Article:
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February on Fire: Hell's Hinges (1916)

In the throes of winter, we lean closer to the hearth with this month's fire theme.



RODNEY BOWCOCK: William S. Hart was a near annual staple at Cinevent for many years, so it seems

surprising to me that this is the first time that we got around to reviewing one of his films. While Hart

had appeared in nearly two dozen films beforehand, it seems fitting that we selected what was arguably

his first blockbuster.


This is a simple story, that is somehow difficult to describe, centering on a morally corrupt pastor that has been located to the town of Hell’s Hinges where he is resented by most of the town-folk. One of these men, an affluent saloon owner (Alfred Hollingsworth), hatches a plan to corrupt him with alcohol and the resident sex worker, causing an immediate decent into alcoholic dementia. Hart stars as Blaze Tracy, a gunfighter that is swayed almost as quickly by the sincerity of the pastor’s sister, Faith (Clara Williams). As revenge for the townspeople burning down the makeshift church, Blaze burns down the town and takes Faith to start a new life.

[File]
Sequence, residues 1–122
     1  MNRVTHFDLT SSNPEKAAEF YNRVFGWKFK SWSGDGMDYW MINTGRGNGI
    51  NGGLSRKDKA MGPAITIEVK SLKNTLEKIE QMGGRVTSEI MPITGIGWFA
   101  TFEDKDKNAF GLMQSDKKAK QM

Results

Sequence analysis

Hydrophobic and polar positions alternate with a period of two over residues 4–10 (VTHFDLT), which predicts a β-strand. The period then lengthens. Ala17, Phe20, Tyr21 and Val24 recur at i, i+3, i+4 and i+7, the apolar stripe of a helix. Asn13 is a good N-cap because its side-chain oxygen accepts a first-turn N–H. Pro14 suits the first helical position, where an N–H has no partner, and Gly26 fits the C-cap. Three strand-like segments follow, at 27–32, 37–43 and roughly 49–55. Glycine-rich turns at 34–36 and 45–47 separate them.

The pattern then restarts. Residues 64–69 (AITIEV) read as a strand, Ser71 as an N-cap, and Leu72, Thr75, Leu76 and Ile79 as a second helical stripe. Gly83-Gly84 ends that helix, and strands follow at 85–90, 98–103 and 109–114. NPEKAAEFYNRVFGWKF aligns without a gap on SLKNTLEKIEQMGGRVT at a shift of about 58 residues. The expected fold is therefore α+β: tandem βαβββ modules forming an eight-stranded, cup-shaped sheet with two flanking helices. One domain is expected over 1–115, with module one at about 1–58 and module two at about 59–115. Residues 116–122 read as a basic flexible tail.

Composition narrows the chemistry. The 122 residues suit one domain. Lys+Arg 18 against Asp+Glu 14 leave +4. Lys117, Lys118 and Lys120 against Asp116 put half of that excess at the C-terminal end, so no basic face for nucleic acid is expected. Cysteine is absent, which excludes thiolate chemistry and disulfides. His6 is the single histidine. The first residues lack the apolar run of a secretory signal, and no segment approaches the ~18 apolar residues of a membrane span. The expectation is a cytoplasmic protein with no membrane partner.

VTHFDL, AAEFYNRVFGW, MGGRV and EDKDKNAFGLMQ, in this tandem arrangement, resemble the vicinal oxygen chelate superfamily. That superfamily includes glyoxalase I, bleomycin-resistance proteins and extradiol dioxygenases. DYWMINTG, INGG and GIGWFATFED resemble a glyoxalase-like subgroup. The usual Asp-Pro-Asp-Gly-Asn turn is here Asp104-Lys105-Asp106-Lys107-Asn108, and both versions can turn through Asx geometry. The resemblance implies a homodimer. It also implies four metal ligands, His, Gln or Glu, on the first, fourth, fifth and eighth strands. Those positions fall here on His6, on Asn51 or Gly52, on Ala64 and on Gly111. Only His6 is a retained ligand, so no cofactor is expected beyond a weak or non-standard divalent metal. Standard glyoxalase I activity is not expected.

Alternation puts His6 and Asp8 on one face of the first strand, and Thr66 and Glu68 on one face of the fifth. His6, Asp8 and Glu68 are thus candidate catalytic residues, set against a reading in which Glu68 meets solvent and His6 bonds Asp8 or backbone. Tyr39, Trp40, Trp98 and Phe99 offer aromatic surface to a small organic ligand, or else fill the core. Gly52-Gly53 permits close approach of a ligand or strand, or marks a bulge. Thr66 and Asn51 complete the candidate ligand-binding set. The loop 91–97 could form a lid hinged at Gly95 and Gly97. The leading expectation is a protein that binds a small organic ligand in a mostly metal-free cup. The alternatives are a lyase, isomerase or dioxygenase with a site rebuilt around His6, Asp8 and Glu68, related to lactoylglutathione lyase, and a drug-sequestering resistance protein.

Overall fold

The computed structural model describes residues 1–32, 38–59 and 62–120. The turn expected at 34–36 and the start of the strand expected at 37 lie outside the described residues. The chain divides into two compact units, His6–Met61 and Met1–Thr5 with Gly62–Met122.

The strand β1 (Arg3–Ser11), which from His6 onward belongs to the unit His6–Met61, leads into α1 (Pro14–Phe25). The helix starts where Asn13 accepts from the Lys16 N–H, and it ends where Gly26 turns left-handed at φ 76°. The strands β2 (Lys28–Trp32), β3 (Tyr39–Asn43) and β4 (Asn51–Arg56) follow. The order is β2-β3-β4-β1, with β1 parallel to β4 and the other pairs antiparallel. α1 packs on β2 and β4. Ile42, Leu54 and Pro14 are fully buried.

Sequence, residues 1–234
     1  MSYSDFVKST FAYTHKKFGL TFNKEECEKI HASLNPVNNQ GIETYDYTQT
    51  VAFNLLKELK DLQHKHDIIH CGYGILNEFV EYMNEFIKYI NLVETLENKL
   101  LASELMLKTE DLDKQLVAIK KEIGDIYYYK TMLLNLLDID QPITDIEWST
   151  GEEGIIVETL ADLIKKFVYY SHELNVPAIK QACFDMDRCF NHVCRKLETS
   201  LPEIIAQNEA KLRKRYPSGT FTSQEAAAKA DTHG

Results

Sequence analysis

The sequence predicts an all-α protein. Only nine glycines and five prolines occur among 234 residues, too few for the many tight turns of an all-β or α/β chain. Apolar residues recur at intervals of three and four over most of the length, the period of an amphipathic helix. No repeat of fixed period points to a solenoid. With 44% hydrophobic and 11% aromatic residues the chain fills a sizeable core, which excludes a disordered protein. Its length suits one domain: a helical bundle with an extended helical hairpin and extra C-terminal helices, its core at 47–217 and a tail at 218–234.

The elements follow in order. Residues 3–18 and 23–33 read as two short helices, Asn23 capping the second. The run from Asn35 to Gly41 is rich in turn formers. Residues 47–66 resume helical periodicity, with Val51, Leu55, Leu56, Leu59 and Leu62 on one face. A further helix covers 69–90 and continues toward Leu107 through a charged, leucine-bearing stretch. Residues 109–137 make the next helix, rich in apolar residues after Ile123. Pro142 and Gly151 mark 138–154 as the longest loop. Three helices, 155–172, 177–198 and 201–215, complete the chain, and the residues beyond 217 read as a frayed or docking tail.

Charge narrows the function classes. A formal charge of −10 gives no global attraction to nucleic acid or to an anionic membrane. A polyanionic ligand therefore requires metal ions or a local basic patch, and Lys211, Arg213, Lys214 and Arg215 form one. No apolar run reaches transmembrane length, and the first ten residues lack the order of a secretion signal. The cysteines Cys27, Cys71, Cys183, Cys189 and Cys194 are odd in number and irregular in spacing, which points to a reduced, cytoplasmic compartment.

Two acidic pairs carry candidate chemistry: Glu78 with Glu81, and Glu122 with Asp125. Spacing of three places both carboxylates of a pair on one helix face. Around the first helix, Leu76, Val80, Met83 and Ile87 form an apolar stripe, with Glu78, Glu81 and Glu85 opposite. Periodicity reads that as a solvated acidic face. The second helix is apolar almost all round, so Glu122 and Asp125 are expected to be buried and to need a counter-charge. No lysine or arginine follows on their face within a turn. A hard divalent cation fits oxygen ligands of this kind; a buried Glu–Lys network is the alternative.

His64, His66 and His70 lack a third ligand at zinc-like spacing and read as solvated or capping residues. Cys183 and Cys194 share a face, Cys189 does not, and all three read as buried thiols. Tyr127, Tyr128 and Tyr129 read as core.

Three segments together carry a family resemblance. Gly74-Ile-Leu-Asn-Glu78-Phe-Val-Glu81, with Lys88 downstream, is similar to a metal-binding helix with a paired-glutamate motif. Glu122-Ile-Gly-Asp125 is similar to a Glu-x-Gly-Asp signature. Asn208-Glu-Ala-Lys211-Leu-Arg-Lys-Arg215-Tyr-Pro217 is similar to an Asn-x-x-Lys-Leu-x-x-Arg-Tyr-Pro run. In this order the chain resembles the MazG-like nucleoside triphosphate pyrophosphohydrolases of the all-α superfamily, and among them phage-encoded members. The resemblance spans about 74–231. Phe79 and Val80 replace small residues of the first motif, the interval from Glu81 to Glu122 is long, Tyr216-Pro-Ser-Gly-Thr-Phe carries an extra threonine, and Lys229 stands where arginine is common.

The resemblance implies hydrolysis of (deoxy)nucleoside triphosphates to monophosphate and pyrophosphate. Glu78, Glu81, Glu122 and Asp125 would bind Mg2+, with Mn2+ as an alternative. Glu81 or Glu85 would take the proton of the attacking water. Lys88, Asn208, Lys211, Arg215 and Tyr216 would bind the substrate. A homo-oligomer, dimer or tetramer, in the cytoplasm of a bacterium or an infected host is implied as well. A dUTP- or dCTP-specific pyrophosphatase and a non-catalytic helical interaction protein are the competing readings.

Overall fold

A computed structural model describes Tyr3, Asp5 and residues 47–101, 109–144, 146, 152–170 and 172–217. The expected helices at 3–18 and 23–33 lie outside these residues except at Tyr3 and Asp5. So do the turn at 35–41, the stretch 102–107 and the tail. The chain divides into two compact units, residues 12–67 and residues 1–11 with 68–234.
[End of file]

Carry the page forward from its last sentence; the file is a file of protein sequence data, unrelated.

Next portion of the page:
SAMANTHA GLASSER: Hell’s Hinges is based on a real place called Place Center, Oklahoma.


Fire plays an important role in this movie. The film makers burned down a real church building, and subsequently the town, and the authenticity makes the scene more powerful. Hart’s character is called Blaze, another reference to fire, in his case internal.